Additional searching for corals was done and we were very excited to find numerous juvenile Acropora corals that were too small to notice in June: three near the coral nursery, 47 in an enclosed reef bay, 11 on the reef slope located in 3 M of water at the top of reef spurs, 14 on the reef crest, and one on the reef flat at Crystal Beach.  These 76 juvenile corals represent the beginning of natural recovery and so we are very encouraged. While it is difficult or impossible to assign a species name to the juvenile corals at this stage, many of them are obviously different species, somewhere between 3-7 species. Within a year, the new corals will have grown to the size of grapefruits, and at which point taxonomic identification will be possible, as well as trimming to bring fragments of each into the coral nursey. This is very exciting development, as we should now have more than two genetically unique individuals within many of the branching Acropora species, which is required for successful spawning- to produce coral larvae, which can then settle out to grow into new colonies- in time leading to coral population recovery through natural processes.    

But without any adult corals surviving, where did these juvenile corals come from?  I believe that they must have come in from Fanning Atoll, which is 300km uncurrent. Their 3-5cm size indicates that the corals are about a year to 18 months old, settling out during the mass bleaching, and acquiring their symbiotic algae, and then somehow surviving the hot water.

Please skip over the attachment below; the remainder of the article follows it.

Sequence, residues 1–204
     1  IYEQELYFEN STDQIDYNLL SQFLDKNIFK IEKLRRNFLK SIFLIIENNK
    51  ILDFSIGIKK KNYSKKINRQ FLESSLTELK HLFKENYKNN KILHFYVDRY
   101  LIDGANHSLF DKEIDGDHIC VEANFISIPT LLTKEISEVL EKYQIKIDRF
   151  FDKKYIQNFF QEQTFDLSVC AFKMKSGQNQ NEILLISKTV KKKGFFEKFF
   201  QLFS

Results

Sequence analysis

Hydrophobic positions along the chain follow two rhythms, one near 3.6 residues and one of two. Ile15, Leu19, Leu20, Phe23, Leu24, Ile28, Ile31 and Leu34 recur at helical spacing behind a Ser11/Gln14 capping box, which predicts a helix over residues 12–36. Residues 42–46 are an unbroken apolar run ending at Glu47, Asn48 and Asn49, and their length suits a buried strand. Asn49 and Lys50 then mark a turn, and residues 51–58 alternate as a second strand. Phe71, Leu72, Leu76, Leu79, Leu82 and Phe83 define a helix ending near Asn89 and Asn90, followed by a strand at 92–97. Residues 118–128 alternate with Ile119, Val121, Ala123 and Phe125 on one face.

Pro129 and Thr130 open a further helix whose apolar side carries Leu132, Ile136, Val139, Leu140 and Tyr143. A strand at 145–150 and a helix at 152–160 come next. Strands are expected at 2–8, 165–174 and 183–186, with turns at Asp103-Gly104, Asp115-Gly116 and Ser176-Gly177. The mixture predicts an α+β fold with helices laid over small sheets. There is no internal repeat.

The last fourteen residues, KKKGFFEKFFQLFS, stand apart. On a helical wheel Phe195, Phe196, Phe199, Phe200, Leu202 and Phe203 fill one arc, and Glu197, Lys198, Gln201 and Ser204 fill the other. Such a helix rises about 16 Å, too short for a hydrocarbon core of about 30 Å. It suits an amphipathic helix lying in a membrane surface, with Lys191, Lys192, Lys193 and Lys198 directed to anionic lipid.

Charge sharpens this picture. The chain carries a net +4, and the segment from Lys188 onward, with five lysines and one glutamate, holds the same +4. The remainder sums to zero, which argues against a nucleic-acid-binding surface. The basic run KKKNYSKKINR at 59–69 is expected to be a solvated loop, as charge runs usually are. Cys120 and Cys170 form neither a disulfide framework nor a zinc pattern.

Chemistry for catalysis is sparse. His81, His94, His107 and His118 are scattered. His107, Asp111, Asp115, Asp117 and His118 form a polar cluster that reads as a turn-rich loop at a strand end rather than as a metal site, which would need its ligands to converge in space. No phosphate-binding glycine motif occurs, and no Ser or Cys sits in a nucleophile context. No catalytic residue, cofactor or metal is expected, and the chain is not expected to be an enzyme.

The corals are presently too small to move into the nursery, and so unfortunately they are quite vulerable to predators: drupella snails, crown of thorns starfish, and parrotfish, all of which are known to prefer Acropora corals in their diet.  While relocating the corals into the protected nursery is important it was not possible.  In another six months the corals will become large enough for branches to be trimmed for collection- so a return trip is planned for June, if the funds can be raised. We have hopes that these new corals are bleaching resistant "super corals", and a promnent coral scientist is willing to test samples of the corals for us, to see if they are harbor the bleaching resistant algae or not, so we plan to take small samples for testing next year. 

On our next trip, we plan to collect samples of all the new corals, to plant in an expanded coral nursery.  This will serve as a gene bank of all the Acropora species surviving the mass bleaching: a “Noaks ark” of bleaching resistant corals for the restoration of the reefs of Kiritimati.